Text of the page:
IPEA conducts a range of procurement activities to acquire goods and services and is committed to achieving value for money through application of the Commonwealth Procurement Rules (CPRs).
To achieve value for money in all our procurements, IPEA:
- complies with the CPRs
- uses public resources in the most efficient, effective, ethical and economic manner
- encourages competition and makes decisions that are accountable and transparent
- considers relevant financial and non-financial costs and benefits when determining procurement outcomes.
For transparency, all of our open tender opportunities are published on AusTender along with all awarded contracts greater than $10,000.
As a potential or current supplier to IPEA, you have the right to be treated fairly throughout the procurement process and to have complaints investigated in a timely manner and without disadvantage.
If you have a complaint about a procurement process, in the first instance, please use the contact details provided in the tender opportunity.
If you are still not satisfied and your complaint is about a breach of the Commonwealth Procurement Rules (CPRs) you may wish to consider lodging a formal procurement complaint.
Formal procurement complaints of a breach of the CPRs
The Government Procurement (Judicial Review) Act 2018 (the Act) gives suppliers, and potential suppliers, the right to a judicial review of a procurement process if they believe IPEA has or will breach the Commonwealth Procurement Rules (CPRs).
Procurement covered under the Act:
- goods and/or services at or above $80,000 (GST inc)
- construction services at or above $7.5 million (GST inc) not covered by an exemption
Under the Act, complaints of a breach of the CPRs must be made in writing immediately after becoming aware of the alleged breach of the relevant CPRs.
The Act requires that IPEA formally investigate these complaints made in accordance with the Act, and suspend procurements during the investigation of a complaint under the Act, unless a public interest certificate is in place.
For more information on your obligations as a supplier when raising a complaint, see the 'Selling to Government Guide' on the Department of Finance website.
How to submit a procurement complaint
Send your complaint with copies of all relevant documents by email to firstname.lastname@example.org.
To help us resolve your complaint quickly, include the following information in your written submission:
- your name, supplier business name, ABN, address, phone and email
- details of the procurement including the goods and/or services, estimated contract value (if known), relevant times and dates, any AusTender IDs relating to the Approach to Market or Contract Notice and the United Nations Standard Products and Services Code (UNSPSC) (if known)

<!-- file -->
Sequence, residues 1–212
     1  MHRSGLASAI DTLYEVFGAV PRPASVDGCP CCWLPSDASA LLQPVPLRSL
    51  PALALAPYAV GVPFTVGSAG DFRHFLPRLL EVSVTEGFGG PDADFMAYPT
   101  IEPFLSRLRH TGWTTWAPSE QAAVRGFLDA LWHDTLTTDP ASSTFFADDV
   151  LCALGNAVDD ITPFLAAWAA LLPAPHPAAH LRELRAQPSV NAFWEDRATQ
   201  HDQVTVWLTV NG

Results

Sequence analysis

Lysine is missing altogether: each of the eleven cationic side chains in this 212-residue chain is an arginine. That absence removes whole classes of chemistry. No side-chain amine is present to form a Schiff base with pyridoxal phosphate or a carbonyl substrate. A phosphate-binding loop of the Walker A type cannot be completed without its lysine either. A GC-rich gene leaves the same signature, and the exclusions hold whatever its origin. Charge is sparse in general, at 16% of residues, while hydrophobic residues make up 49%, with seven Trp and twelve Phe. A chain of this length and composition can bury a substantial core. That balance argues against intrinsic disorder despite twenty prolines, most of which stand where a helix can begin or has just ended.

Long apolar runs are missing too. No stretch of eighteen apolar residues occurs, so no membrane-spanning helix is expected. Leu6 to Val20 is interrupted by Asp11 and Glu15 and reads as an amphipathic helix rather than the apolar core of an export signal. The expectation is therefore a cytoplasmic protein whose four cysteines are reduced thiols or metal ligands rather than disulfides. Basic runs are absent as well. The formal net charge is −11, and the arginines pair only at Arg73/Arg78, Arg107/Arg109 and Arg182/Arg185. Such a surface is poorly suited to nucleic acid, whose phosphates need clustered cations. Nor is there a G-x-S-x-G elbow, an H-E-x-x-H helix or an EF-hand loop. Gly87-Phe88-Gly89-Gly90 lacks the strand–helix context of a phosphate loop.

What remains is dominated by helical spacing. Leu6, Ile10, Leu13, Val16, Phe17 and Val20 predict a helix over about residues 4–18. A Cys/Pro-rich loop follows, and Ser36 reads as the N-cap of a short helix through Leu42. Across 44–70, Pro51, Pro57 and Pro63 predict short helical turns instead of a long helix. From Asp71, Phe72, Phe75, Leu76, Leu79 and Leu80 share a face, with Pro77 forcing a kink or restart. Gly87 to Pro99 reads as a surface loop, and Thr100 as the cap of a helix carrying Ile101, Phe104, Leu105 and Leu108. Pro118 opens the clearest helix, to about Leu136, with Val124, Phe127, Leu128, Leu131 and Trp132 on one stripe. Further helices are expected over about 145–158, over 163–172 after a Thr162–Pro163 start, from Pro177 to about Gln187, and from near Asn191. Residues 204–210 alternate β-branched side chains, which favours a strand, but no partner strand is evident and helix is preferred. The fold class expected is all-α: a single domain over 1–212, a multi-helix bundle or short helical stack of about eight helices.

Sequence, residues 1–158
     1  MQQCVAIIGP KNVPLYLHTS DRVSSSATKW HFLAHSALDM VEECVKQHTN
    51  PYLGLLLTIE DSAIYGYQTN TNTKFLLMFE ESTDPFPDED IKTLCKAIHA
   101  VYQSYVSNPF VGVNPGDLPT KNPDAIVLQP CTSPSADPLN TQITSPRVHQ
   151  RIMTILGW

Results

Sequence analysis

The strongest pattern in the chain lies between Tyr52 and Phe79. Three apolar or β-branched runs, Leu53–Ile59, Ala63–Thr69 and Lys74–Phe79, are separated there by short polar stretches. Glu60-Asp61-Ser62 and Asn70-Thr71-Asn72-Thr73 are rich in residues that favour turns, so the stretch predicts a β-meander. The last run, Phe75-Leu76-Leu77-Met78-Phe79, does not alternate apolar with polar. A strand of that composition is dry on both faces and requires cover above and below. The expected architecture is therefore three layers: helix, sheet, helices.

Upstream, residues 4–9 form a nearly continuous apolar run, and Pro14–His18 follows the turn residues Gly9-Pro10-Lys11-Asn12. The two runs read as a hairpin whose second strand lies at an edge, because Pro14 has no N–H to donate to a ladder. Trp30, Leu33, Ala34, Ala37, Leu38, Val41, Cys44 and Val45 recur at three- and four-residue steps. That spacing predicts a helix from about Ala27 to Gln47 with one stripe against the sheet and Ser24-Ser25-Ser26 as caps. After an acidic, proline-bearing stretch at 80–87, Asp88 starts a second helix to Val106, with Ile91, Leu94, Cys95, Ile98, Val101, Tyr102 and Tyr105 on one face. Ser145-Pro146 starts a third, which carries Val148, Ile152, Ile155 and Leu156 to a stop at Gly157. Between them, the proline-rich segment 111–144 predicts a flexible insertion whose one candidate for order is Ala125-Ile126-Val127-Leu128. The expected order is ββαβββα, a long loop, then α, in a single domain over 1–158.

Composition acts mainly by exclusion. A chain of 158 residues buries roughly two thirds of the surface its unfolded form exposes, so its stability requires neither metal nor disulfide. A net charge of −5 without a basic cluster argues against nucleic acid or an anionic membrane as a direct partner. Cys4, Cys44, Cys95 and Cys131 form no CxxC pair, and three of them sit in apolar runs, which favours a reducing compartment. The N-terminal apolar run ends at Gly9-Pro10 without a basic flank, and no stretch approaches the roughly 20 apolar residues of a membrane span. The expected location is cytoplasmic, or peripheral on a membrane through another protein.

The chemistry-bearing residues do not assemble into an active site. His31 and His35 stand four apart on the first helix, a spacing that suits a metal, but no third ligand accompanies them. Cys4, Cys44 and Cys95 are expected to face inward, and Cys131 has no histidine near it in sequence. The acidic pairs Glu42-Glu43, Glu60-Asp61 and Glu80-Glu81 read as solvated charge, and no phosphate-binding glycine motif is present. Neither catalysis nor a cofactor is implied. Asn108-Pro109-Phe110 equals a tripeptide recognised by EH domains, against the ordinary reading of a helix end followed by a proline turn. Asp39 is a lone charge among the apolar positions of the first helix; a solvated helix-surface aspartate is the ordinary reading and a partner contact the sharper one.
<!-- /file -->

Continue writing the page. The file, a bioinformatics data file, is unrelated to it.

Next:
- a factual and concise outline of your complaint and any Commonwealth Procurement Rules you believe we breached
- any other information, documents or evidence to support your complaint
How will your complaint be handled?
IPEA will commence an investigation into a complaint of a breach of the CPRs once received.
The complainant will be advised of the findings once the investigation is complete.
IPEA will engage with the complainant as far as practicable to resolve the complaint.
Please note: The complainant is welcome to notify IPEA at any time that their complaint has been resolved or withdrawn.
Other avenues for complaints?
Other avenues to raise complaints, which are separate to the complaint mechanism established by the Act continue to be available to suppliers including the:
Public interest certificates
In some circumstances suspension of a procurement activity may not be in the public interest. In these circumstances a Public Interest Certificate (PIC) may be issued.
A PIC is a document issued by the accountable authority in accordance with section 22 of the Government Procurement (Judicial Review) Act 2018.
PICs issue by IPEA will be published on this page.
The PIC will state that it is not in the public interest for the procurement to be suspended while complaints under section 18 of the Act are being investigated or applications for injunctions are being considered.
A PIC may be issued at any stage during the procurement process, including after a complaint is made. Once a PIC is issued the procurement may continue as scheduled.
In some circumstances, given the scale or significance of a procurement IPEA may issue a PIC before approaching the market.
|Procurement activity||Date PIC issues||Link to PIC document|
|Travel management services||8 April 2021||
Enquiries about IPEA’s procurement processes can be directed to: email@example.com